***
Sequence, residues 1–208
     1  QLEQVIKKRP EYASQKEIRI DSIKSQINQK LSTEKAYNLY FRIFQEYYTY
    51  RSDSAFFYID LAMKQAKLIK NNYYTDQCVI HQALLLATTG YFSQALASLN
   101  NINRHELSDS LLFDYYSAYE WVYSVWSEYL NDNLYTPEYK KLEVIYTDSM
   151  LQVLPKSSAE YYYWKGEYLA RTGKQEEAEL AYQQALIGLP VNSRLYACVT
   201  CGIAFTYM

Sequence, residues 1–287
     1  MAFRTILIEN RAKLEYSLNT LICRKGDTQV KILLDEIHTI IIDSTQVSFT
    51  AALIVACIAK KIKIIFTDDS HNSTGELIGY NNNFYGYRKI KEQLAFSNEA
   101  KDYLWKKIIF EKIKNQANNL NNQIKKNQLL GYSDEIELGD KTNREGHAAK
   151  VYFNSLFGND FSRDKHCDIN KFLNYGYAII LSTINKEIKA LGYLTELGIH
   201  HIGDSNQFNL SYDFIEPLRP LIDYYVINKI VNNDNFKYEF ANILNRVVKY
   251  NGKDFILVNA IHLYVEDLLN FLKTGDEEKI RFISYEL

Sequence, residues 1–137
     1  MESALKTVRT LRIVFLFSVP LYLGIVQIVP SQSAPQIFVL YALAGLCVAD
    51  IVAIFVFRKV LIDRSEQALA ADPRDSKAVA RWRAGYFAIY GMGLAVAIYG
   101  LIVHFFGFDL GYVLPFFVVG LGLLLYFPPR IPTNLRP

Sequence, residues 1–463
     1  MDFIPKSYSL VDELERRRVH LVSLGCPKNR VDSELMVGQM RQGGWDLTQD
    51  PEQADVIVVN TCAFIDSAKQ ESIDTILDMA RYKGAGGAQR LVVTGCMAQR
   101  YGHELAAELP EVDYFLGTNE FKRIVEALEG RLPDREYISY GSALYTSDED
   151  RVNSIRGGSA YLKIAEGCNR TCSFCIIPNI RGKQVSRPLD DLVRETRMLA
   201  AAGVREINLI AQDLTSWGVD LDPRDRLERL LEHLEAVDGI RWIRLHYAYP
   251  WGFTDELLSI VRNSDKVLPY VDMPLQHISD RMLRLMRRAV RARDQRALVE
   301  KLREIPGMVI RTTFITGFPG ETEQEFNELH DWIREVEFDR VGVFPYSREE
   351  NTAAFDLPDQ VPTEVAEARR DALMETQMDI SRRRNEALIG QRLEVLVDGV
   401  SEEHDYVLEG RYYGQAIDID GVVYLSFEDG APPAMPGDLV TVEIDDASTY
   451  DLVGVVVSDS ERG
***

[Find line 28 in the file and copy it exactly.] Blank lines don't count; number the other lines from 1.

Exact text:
   451  DLVGVVVSDS ERG